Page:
[PATCH] [Bug c++/49118] fake template nesting for operator-> chain

David Krauss potswa@mac.com
Thu Jun 9 23:43:00 GMT 2011


On Jun 6, 2011, at 1:28 PM, Jason Merrill wrote:

> On 06/02/2011 03:25 PM, David Krauss wrote:
>> Optimally the re-opened context would be the preceding operator->  function itself, to create the illusion of nested calls. However, the result of build_new_op may be a target_expr or a call_expr. I'm not sure of the best way to recover the function declaration from this ambiguous tree, nor whether it would a performance issue (i.e., too much work for the reward).
> 
> For a CALL_EXPR you can use get_callee_fndecl.  I wouldn't object to teaching it to handle TARGET_EXPR and AGGR_INIT_EXPR as well.

I had played around with this a bit in the meantime. It still gets stumped if operator-> is virtual. I don't know how to recover a virtual fn declaration from the tree of a virtual dispatch, but it seems to require recovery of and indirection through the vtable.

A completely different alternative is to change the overloaded_p argument of build_new_op from a bool* to a tree*. Instead of returning *whether* an overload was used, it should return *which* was used if any. This seems to be much lower impact and returns some side benefit. Perhaps the argument should be changed to a z_candidate** instead?

Patch attached. 90% of it is just stripping the "_p" from the name of the variable which is no longer a predicate. The change propagates to a few other functions, but the changes are mostly unsubstantial. I did eliminate one dead variable in cp_parser_omp_for_cond.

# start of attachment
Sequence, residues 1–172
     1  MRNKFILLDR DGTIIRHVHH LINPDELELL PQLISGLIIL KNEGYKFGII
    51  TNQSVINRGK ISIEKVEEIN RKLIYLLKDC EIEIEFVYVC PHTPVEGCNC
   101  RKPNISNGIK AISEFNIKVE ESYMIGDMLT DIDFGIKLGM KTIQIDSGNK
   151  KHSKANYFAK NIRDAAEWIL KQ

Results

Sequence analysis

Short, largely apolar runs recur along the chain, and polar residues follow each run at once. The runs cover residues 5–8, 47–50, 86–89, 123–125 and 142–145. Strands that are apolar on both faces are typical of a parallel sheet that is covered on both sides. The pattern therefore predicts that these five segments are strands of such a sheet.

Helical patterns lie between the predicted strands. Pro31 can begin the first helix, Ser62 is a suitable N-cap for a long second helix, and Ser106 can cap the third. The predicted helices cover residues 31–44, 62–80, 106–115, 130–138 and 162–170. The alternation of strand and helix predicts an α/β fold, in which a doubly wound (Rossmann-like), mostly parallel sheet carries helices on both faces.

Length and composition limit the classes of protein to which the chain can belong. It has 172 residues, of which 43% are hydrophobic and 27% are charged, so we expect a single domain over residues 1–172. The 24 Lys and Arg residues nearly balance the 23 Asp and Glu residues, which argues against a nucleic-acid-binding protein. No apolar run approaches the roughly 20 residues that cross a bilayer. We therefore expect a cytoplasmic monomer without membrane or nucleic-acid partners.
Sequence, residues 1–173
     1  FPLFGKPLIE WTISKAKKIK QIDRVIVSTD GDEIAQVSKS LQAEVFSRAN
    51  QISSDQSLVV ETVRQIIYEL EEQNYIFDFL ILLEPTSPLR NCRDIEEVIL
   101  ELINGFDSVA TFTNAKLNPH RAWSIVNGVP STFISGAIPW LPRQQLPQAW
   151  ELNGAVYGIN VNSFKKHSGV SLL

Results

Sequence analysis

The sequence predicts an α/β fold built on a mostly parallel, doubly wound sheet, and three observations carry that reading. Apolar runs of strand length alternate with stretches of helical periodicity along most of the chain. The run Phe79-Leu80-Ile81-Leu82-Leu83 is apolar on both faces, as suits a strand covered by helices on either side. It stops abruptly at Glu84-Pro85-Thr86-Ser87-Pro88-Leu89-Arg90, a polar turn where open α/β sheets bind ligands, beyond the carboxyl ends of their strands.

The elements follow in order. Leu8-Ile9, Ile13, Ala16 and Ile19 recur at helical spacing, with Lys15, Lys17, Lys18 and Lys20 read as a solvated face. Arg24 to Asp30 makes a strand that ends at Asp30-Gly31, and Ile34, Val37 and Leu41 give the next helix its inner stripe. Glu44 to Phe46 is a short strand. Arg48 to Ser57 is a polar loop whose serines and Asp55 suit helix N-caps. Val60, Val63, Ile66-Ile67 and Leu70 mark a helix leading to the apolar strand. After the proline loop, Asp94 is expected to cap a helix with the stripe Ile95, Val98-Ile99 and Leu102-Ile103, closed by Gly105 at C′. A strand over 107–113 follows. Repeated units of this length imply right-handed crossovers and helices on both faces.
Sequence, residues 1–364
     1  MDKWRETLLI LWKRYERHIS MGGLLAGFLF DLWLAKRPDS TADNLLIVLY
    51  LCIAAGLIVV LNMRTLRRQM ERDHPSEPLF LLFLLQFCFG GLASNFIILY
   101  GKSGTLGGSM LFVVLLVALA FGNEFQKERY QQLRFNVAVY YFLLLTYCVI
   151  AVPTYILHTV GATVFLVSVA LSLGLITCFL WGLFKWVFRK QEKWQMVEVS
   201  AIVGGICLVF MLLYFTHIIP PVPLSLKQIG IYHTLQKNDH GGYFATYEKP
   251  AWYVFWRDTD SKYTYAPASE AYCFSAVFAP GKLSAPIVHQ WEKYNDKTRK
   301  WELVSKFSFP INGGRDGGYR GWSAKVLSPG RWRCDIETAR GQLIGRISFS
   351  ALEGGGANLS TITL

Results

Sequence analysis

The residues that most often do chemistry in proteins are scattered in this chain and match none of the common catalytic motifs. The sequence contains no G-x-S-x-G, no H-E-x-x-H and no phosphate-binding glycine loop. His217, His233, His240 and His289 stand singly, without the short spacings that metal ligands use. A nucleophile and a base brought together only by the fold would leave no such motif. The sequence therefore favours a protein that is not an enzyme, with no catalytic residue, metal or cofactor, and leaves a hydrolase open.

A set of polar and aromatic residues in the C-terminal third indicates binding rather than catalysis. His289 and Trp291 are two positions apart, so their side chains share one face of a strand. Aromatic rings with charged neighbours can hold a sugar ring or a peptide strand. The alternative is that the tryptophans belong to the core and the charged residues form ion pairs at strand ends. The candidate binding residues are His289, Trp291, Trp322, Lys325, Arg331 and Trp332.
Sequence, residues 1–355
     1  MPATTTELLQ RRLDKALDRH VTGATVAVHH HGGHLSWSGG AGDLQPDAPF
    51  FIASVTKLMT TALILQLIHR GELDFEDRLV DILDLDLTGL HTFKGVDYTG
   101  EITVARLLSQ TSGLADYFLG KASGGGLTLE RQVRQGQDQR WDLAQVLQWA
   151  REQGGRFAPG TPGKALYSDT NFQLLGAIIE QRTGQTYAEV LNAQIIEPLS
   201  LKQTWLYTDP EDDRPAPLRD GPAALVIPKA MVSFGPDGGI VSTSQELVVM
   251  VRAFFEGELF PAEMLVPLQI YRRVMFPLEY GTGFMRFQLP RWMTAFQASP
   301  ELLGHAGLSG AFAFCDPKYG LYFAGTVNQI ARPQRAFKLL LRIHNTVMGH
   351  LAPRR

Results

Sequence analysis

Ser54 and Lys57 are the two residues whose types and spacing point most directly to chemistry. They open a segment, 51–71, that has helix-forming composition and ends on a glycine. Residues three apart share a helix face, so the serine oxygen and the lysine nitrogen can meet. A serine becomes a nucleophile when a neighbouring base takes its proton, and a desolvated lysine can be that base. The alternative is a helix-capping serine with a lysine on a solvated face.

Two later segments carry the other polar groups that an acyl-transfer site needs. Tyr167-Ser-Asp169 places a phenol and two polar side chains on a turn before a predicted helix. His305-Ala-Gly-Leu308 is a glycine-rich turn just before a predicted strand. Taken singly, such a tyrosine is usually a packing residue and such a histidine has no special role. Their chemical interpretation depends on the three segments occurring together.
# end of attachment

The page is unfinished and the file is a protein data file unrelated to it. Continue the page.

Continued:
> As for the duplicate error message, that happens because we complain when doing push_tinst_level first in instantiate_decl and then again in build_x_arrow.  To avoid this we would need to hit each new depth first in build_x_arrow, either by pushing and then popping again before the call the build_new_op, or adding something like suspend/resume_tinst_level to pt.c.

The complaints happen inside build_new_op, not from my added push_tinst_level. Looks like I'm creating a novel condition where the return type has not been instantiated before it is used in the function call. One message results from the function body and another results from the function return type. Perhaps the multiple messages should be regarded as a separate low-priority bug. A reference return type results in three messages, all from the class template, for what it's worth.

This passes check-g++ applied to recent trunk code.

	- D
 
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